WASHINGTON ? Senate Governmental Affairs Committee Chairman Fred Thompson (R-TN) and Oversight of Government Management Subcommittee Chairman George Voinovich (R-OH) today announced that the Committee will hold an oversight hearing on the Department of Energy’s management of health and safety issues surrounding DOE’s gaseous diffusion plants at Oak Ridge, Tennessee and Piketon, Ohio on Wednesday, March 22nd at 10:00 a.m. in Room 342 of the Dirksen Senate Office Building.
“This is an issue that has been of concern to me for some time,” Chairman Thompson said. “If the federal government put workers in harm?s way without their knowledge, we need to know about it and we need to do what we can to make it right. The Department of Energy has acknowledged that problems exist at several of its sites, and has proposed legislation to compensate certain workers.
“The Committee wants to hear from the Department regarding what exactly they know about what happened in Oak Ridge and in Piketon, what new information they expect to have when their on-site investigations are complete, and their views on how we can most appropriately compensate for the mistakes that were made.”
Senator George Voinovich (R-OH), who has pushed for an investigation into the situation at the Portsmouth Gaseous Diffusion plant in Piketon, Ohio added, “The federal government owes both current and former workers the truth about what materials they were exposed to on the job. I expect the Department of Energy to take this responsibility seriously as they continue their investigation.”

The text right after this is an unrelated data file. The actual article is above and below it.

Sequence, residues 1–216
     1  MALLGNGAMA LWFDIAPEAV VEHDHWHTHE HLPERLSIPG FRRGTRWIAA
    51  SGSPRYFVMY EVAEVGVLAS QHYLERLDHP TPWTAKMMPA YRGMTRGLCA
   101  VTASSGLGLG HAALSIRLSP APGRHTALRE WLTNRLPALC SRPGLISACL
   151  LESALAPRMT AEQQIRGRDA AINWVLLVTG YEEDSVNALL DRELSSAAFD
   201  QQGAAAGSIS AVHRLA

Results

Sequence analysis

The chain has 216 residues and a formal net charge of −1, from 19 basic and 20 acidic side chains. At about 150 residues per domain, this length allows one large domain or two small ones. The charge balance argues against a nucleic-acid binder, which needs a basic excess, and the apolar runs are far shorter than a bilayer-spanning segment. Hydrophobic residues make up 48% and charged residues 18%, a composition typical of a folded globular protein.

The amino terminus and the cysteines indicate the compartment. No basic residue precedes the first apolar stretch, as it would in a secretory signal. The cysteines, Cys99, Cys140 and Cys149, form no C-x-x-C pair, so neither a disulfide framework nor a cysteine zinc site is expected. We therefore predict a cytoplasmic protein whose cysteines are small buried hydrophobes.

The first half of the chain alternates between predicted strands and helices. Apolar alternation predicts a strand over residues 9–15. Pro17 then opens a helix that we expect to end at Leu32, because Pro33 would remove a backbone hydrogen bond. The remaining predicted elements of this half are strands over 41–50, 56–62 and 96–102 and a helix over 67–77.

Chairman Thompson first became concerned about this issue in 1997, after reports surfaced describing a pattern of unexplained illnesses in and around the Oak Ridge community. At that time, Senator Thompson called on the Centers for Disease Control (CDC) in Atlanta to come to Oak Ridge to try to determine whether a pattern of illnesses existed and, if so, what was causing them. When the CDC study proved inconclusive, Senator Thompson pressed the issue with Energy Secretary Bill Richardson, urging him to focus the attention of the Department on possible employment-related illnesses in Oak Ridge.
Late last year, the Department acknowledged that certain workers at DOE sites had been exposed to harmful materials and sent a compensation proposal to Congress. That proposal was introduced by Senator Jeff Bingaman and Chairman Thompson and is currently pending before the Committee on Health, Education, Labor and Pensions.
The hearing will be broadcast live via the Internet